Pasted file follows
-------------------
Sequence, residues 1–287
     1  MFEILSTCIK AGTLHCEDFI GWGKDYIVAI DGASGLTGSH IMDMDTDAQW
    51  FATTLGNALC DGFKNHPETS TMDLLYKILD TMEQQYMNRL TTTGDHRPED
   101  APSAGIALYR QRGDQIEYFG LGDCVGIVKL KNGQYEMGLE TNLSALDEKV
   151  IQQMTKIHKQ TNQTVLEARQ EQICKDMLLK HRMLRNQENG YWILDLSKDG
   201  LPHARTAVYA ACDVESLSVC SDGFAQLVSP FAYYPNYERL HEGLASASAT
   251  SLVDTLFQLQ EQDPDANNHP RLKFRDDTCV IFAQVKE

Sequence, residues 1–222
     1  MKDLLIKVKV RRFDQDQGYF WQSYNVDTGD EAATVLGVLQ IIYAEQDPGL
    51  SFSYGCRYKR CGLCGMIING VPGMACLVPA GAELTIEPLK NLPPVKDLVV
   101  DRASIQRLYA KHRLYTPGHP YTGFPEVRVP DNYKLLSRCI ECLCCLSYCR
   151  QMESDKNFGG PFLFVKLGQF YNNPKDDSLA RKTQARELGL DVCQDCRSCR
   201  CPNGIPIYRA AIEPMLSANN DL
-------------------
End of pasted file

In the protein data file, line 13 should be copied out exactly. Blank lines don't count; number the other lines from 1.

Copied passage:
   201  CPNGIPIYRA AIEPMLSANN DL